The genotypes were confirmed by western blots of the α-p172 AMPK (AMPKphos). The transgenic AMPK-α2 carried a myc tag and migrated slightly slower in the gels (Figure 5). The expression of AMPKphos was expectedly higher in the AMPKα2-KD genotype (data not shown) in line with previous findings (Mu et al., 2003). The decreased functional activity of AMPK in KD mice was confirmed by a 74.0 ± 0.0 and 71.0 ± 0.1% reduction in the protein expression level of ACCphos in young and old AMPKα2-KD mice respectively (Figure 5). ACC is a well known downstream target of AMPK and its use as a marker of AMPK activity has previously been validated (Dyck and Lopaschuk, 2006).
Decrease in Mitochondrial MCFA Respiration in AMPKα2-KD Mice – Irrespective of Age
In protocol A, baseline respiration revealed no significant differences between groups (P > 0.05, data not shown). With the addition of saturating amounts of ADP and MCFA (Oct.car), respiration increased markedly and there was a clear genotype effect, of reduced oxidative capacity in both young and old AMPKα2-KD compared to WT littermates (P < 0.05, Figure 1).
Figure 1. Mitochondrial respiratory capacity in heart muscle samples from wild type mice (WT) and dominant negative AMPKα2 (AMPK KD) mice. Young (Y: 19–22 weeks) and old (O: 76–91 weeks) mice were studied in both groups. State 3 respiration was measured with two different substrate protocols. Malate, ADP, and octanoylcarnitine (Oct.car) or malate, ADP, and palmitoylcarnitine (Pal.car). Values are mean ± SE. *Different from WT/Y (P < 0.05).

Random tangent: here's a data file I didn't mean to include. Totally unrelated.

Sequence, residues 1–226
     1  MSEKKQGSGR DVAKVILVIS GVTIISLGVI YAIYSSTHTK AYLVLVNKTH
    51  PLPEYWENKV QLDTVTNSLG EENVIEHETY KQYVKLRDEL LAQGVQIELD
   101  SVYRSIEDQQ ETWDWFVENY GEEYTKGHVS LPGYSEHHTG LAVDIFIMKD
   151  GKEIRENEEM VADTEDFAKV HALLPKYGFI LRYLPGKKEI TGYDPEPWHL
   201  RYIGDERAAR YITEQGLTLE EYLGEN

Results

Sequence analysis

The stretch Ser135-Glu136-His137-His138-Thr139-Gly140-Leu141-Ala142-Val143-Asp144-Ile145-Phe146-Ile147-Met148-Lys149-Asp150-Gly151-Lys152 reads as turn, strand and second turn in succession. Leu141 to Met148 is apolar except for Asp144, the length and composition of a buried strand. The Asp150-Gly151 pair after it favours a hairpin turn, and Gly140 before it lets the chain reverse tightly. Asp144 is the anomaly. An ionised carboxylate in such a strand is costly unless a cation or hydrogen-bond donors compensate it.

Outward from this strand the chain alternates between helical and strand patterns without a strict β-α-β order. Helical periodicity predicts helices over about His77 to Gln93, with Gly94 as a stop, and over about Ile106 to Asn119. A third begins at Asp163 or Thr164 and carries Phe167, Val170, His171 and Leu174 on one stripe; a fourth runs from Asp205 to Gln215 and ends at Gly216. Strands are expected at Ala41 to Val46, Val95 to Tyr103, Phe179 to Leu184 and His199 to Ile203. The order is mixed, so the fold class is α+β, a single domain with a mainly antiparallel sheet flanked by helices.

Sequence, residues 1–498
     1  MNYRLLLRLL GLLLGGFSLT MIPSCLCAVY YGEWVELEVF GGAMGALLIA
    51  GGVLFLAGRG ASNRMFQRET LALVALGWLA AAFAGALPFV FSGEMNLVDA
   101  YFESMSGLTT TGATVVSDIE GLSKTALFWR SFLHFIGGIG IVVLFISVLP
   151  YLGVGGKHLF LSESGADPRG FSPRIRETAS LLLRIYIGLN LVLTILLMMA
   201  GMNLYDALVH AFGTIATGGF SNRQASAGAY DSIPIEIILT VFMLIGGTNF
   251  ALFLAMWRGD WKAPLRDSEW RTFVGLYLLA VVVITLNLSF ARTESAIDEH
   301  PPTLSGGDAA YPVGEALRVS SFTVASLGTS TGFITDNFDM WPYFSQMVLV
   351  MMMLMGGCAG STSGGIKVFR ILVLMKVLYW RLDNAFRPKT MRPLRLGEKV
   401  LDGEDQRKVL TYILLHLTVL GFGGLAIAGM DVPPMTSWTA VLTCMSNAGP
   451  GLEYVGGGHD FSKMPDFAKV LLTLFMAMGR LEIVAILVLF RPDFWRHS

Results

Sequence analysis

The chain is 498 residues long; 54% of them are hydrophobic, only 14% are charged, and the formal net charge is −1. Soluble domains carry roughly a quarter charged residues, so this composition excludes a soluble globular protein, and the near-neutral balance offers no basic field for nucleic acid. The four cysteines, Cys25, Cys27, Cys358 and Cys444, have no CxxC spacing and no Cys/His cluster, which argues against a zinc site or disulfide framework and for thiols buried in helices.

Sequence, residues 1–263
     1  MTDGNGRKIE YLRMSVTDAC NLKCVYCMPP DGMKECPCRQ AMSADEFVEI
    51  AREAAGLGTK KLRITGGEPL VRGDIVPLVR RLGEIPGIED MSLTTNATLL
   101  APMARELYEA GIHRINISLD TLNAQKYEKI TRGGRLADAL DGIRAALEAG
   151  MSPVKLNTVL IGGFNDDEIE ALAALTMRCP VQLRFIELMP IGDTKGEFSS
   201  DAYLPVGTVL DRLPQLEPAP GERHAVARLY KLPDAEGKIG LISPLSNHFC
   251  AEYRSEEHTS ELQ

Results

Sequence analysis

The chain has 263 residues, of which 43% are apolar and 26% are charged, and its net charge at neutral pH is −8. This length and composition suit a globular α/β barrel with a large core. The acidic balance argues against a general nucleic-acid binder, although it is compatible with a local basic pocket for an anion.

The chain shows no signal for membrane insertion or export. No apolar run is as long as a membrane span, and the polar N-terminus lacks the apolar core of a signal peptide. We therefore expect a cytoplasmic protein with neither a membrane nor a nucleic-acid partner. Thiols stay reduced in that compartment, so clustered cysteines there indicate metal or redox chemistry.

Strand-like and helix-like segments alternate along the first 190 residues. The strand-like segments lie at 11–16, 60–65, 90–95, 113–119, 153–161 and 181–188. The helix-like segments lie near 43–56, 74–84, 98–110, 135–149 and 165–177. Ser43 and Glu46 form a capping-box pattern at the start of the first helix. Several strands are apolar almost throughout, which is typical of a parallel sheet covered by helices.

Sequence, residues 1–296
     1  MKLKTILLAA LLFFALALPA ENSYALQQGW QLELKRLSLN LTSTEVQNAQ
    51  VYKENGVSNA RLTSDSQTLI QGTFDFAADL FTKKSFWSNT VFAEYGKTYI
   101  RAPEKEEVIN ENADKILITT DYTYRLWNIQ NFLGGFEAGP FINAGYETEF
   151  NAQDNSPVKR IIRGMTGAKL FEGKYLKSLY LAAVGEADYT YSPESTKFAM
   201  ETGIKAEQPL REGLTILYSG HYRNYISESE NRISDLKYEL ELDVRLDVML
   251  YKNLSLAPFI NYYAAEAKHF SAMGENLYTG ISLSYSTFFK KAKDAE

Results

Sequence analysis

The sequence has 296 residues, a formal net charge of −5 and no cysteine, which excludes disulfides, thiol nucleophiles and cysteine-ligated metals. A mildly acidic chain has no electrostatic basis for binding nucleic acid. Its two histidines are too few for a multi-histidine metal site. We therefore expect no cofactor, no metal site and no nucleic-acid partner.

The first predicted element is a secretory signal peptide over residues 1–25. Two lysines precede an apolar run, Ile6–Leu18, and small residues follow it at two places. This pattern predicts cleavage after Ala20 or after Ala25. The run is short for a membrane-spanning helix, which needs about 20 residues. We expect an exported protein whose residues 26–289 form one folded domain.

Protocol B revealed no differences in LCFA sustained respiration between genotypes or age-groups. Thus, respiration with ADP and LCFA (Pal.car) did not differ between the groups (P > 0.05, Figure 1).
No Change in Mitochondrial Content with Age and/or Genotype
There was no difference in mtDNA content (copy no · mg ww−1) between any groups and the CS activity did also not differ significantly between the groups. (P > 0.05, Figure 2) Thus, we found maintained mitochondrial density irrespective of age and genotype.
Figure 2. Citrate synthase (CS) enzyme activity (left Y-axis) and mitochondrial DNA content (right Y-axis) in heart muscle samples from wild type mice (WT) and dominant negative AMPKα2 (AMPK KD) mice. Young (Y: 19–22 weeks) and old (O: 76–91 weeks) mice were studied in both groups. *Different from age matched wild type (P < 0.05).
Carnitine Palmitoyl Transferases
There was a high and uniform PCR efficiency between the primers (1.91–1.97, Table 1) and they were thus optimized for the individual genes of interest. The levels of β-actin expression showed no difference between the groups (data not shown) and could therefore be used as reference-gene. We found a modest down-regulation of CPT1B expression in old AMPKα2-KD group compared to both old WT and young AMPKα2-KD (Figure 3). We found no significant differences in gene expression of CPT1A and CPT2.
Figure 3. Carnitine palmitoyl transferase isoforms 1A (CPT1A) and 1B (CPT1B) as well as carnitine palmitoyl transferase 2 (CPT2) in heart muscle samples from wild type mice (WT) and dominant negative AMPKα2 (AMPK KD) mice. Young (Y: 19–22 weeks) and old (O: 76–91 weeks) mice were studied in both groups. *Different from WT/Y (P < 0.05).
Myocardial Content and Activity of Metabolic Key Enzymes
3-Hydroxyacyl-CoA-dehydrogenase protein expression showed a clear pattern of down-regulation in the AMPKα2-KD in both age-groups. The expression of HAD was reduced to 0.81 ± 0.05, P < 0.05 in young AMPKα2-KD compared to WT/Y and 0.71 ± 0.04, P < 0.05 in old AMPKα2-KD compared to WT/Y (Figure 4). There was no significant age-effect on HAD expression, indicative of sustained β-oxidative capacity irrespective of old age. Corresponding with the HAD expression, maximal HAD enzyme activity was reduced in both AMPKα2-KD age-groups, compared to their age matched WT littermates (Figure 4).